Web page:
The Azure is a building that draws plenty of buyers thanks to its beautiful design and great Uptown location. But how often do you get to see a one-bedroom condo that offers the top three asks for almost every condo buyer? This unit, represented by Dave Perry-Miller Real Estate’s Jarrad Barnes, is the perfect alchemy of location, accessibility, design, and amenities. 

This Uptown condo easy pick for our High Caliber Home of the Week presented by Lisa Peters of Caliber Home Loans thanks to the unit’s breathtaking design. Plus, there’s so much storage in this unit that you’ll always have a place for everything, and everything will be in its place!

“This unit has been completely reimagined,” Barnes said of Unit 302 at 2900 McKinnon St. “So it is unlike any one-bedroom in the Azure.”

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Jeanne Milligan will open her beautiful, eclectic Vendome unit for the 2019 Turtle Creek Association Tour of Homes on April 7.

Jeanne Milligan’s love for art and travel has presented the Briggs Freeman Sotheby’s agent with a unique problem — an abundance of wonderful art and decor for her tasteful and eclectic unit inside the luxurious Vendome on Turtle Creek. One of Milligan’s favorite destinations is Marrakesh, a spot where she often finds wonderful pieces for her home.

“Every time I return, I bring back a bit of art,” she said. And those treasures have made her beautiful high-rise a sight to be seen — one you can see for yourself, in fact, in this year’s Turtle Creek Association Tour of Homes. Milligan’s exquisite decor and superb views will be one of the five fabulous stops on the tour, which benefits the Turtle Creek Association‘s mission  to preserve, protect, and enhance the natural beauty and quality of life within the 87-acres of greenways and parkland of the Turtle Creek Corridor. 

“I have some of the most beautiful gardens and parks all around me, thanks to the Turtle Creek Association,” Milligan said. “The whole area wouldn’t be the same without it.”

Of course, Turtle Creek wouldn’t be the same without the Vendome, either. The building is known for its luxury and amenities, and fabulous views of the surrounding area.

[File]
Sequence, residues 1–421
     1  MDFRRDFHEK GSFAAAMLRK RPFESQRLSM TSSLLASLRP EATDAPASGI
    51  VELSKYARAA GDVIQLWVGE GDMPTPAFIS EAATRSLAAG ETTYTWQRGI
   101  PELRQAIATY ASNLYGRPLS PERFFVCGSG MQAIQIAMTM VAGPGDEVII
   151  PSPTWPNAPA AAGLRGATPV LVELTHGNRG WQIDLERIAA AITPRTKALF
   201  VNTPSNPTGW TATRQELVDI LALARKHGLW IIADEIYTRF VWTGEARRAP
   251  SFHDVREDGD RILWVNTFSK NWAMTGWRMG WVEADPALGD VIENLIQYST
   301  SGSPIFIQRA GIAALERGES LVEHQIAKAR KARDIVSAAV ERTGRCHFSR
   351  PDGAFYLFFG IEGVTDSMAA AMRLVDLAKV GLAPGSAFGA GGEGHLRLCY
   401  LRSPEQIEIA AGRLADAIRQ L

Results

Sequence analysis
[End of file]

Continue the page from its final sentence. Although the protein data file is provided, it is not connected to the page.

“Immediately, what drew me to the building was the view. I’m along the back of the building, and the view at night is a beautiful backdrop for my life,” Milligan said. “It’s completely full-service. It’s like living in a five-star hotel every day.”

Jeanne Milligan’s Vendome unit offers a look insider her travels.

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Incorrect and highly misleading graphic used to represent city’s draft proposal

When I first heard about Preston Tower and Athena owners meeting to discuss PD-15, I nicknamed it a “witch burning” and it did not disappoint. Bill Kritzer, the main speaker from Preston Tower, accusingly called out Council Member Jennifer Gates’ name so many times that if she had a dollar for each utterance, she could fund the Preston Center garage out of petty cash.

The troubles of the world were heaped on her shoulders, every real or imagined slight (OK, they were all imagined) dumped on her doorstep. Meanwhile praise was reserved for the Preston Hollow South Neighborhood Association (PHSNA) and its work for the neighborhood. I find that praise comical. It was PHSNA leadership that gave residents the Laurel apartments – that are universally reviled. So the talk track was that the Laurel process was better because the developer met with PHSNA leadership – but the neighborhood wound up with a building they hate. Somehow that irony was lost on the packed house at the Athena.

The Laurel: hated by a neighborhood that wants more just like it

Also lost on the group was the understanding that the Laurel building they hate is three and four stories – the same height they cheered for. While the biggest example, it was hardly the last piece of incoherent thinking observed. Had their been Kool-Aid, there’d have been a fight for the pitcher.

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New blood. That’s how neighborhoods change and progress. Child-friendly neighborhoods mature, children grow and leave, parents downsize, younger families move in – all very Lion King. High-rises have the same issues, but while interior renovations are under an owner’s control, the common areas are subject to the cheapness or largess of the community.

I’ve said in the past that Plaza I and II didn’t appear to be keeping up with other high-rises when it comes to renovation. That’s apparently changing. The sallow hallways are about to be refreshed with the outdoor Pavilion already complete.

One thing that doesn’t need a renovation is the view over the Mansion Park area of Oak Lawn. All that green you see to the right? It’s the yard for the modern home behind it. It’s like being across the street from a park. I know at street level, it appears to be an empty lot waiting for a mansion to land on it, but nope, it’s green space just for you (sorta). If you’re wondering about the coming Toll Brothers building, fear not, it will be out of sight around the corner.